Once the correlations between egg and larval sizes, and egg and settler sizes were obtained, we examined biologically meaningful correlates of egg size. We started by assessing whether egg size does or does not relate to adult size. Subsequently, we tested how egg size relates to the timing of development (cleavage rate and hatching time), which in turn affects the planktonic period.

Adult-egg size relationship

We randomly collected 11 adult individuals in the field and measured their maximum body length (to the nearest mm) and wet weight (to the nearest mg). Subsequently, we dissected the individuals and photographed 20 eggs per individual to measure their two dimensional area.

Egg size/time of cleavage relationship

To determine the relationship between egg size and time of cleavage we photo-sequenced fertilized eggs every two minutes. The time was recorded when the 2, 4, 8, and 16 cell stages appeared in each fertilized egg. As we did not know the exact moment of fertilization due to the procedure followed to obtain gametes, we used the time of the first cleavage as the starting time against which we measured the timing of the subsequent stages. We related these times with the egg size measured from the 1st photo taken of the undivided eggs. We did two runs of this experiment, the first one involving 74 complete egg measurements and the second 10 egg measurements.

Hatching time vs. larval size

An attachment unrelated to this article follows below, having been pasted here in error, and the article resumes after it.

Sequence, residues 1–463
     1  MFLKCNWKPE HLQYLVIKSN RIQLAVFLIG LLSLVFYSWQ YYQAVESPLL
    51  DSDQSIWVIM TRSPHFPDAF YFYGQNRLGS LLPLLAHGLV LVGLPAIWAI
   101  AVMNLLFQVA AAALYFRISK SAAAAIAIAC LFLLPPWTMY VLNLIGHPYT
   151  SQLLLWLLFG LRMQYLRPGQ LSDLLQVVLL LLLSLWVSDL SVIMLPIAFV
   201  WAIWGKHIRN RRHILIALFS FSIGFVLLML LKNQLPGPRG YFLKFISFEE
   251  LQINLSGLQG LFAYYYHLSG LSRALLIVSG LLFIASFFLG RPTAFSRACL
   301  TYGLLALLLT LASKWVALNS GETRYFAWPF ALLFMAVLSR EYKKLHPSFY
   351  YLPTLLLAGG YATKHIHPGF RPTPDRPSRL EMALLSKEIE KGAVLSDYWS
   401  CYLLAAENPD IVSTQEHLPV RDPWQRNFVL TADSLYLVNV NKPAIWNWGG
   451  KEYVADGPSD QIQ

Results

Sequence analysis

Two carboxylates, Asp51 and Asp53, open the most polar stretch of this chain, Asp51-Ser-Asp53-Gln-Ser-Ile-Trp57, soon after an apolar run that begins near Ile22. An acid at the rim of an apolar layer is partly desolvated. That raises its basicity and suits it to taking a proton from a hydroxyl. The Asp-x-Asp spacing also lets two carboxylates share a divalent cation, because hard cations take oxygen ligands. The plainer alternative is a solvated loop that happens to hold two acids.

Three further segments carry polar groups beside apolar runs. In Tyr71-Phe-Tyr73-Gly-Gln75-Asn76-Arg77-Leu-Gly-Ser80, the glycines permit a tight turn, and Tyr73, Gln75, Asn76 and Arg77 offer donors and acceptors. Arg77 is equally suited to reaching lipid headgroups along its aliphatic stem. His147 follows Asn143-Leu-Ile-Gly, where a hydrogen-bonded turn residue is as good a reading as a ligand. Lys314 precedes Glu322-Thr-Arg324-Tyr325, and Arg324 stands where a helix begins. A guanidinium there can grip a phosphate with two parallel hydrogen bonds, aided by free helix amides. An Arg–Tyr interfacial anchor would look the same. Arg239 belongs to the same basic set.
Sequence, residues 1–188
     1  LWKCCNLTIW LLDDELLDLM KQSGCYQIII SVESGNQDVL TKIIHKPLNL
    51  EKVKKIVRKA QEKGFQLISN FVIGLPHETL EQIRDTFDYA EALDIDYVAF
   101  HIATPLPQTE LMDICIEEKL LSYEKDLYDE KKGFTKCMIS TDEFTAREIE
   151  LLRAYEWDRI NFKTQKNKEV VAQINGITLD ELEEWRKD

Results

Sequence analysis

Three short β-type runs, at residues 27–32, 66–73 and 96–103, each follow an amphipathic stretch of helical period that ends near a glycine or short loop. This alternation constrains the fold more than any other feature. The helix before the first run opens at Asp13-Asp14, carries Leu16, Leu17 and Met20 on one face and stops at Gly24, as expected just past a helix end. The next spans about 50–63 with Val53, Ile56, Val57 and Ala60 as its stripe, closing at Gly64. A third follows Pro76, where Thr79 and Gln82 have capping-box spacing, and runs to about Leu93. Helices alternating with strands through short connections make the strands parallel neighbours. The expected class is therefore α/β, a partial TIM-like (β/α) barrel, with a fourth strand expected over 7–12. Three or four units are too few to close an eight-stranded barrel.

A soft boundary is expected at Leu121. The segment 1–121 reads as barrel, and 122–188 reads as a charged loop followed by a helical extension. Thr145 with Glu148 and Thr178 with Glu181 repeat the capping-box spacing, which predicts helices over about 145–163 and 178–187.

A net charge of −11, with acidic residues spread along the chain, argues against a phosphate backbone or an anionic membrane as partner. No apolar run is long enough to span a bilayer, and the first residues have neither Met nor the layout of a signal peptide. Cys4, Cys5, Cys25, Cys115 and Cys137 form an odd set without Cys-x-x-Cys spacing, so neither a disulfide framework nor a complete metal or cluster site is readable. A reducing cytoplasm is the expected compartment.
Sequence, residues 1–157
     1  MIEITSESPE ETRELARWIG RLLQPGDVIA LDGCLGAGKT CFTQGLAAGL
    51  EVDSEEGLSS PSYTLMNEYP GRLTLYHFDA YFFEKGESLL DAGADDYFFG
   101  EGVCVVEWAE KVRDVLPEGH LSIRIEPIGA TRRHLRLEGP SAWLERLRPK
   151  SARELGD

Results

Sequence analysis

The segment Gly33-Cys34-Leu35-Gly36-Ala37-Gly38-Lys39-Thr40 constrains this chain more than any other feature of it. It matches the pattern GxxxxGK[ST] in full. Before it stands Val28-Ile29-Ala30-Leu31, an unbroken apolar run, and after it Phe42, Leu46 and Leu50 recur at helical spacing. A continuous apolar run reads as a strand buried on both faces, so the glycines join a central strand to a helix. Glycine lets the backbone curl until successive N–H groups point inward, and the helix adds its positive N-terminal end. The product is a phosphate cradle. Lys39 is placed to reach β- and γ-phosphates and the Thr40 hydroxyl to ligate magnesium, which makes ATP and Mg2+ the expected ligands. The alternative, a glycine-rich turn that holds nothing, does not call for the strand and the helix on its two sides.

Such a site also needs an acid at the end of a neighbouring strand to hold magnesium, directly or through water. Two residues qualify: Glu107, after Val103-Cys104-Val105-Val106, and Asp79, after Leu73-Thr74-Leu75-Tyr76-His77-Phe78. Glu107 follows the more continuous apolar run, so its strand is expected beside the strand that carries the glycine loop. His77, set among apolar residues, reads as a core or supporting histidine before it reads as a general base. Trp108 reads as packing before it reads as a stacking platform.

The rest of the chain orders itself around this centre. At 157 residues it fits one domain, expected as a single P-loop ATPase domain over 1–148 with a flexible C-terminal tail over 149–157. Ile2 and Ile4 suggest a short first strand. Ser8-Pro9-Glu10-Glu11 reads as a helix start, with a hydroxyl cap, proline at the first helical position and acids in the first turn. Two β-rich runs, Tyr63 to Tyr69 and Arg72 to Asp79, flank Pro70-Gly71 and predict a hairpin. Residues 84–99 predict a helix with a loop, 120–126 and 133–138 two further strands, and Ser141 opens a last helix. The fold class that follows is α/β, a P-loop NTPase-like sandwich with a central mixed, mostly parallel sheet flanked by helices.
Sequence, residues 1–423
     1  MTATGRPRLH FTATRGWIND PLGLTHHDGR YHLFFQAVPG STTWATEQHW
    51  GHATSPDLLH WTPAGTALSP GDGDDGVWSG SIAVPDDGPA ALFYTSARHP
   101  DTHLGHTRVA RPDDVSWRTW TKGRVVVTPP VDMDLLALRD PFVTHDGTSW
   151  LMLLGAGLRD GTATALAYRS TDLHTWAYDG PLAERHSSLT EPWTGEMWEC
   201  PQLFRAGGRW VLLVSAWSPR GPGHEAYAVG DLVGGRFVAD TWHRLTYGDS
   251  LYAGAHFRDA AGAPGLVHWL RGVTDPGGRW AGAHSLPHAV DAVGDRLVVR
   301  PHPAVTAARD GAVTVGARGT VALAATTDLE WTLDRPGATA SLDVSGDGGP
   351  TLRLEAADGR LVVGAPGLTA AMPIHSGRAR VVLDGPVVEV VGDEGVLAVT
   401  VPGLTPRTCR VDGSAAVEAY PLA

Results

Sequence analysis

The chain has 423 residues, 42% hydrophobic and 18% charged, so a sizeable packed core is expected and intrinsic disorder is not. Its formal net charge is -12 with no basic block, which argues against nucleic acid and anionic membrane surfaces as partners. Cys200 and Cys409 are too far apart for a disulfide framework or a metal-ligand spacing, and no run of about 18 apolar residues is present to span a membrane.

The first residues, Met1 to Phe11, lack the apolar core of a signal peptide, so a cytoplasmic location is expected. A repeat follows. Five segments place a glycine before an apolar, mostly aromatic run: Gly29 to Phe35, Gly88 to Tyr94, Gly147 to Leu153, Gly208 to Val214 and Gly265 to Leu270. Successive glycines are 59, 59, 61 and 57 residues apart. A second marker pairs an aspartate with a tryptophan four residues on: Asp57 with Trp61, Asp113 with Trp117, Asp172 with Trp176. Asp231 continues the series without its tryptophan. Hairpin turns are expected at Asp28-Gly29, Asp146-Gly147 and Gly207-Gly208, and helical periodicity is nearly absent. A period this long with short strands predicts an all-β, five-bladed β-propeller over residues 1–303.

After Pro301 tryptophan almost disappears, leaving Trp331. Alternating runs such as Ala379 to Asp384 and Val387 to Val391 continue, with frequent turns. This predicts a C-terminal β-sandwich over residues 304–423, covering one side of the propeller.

We placed fertilized eggs in a Petri dish with filtered seawater in order to determine the time when the larvae hatched from the eggs. We checked hatching every hour after fertilization. All larvae were removed and placed in a vial with seawater which included a few drops of formalin to preserve them (preservation does not affect estimates of size; unpublished data). Later we measured the size (i.e. larval area) of larvae that had hatched at each time period.

Measurement of larval swimming time

To examine the effects of larval size on larval swimming time, we placed recently hatched larvae individually in separate Petri dishes with filtered seawater to assess larval swimming time. We photographed the larvae and then placed the Petri dishes in complete darkness. We checked for settlement every hour during a 32 h period, tracking a total of 36 larvae.

Post-settlement performance in the field: effect of settler size on survival and growth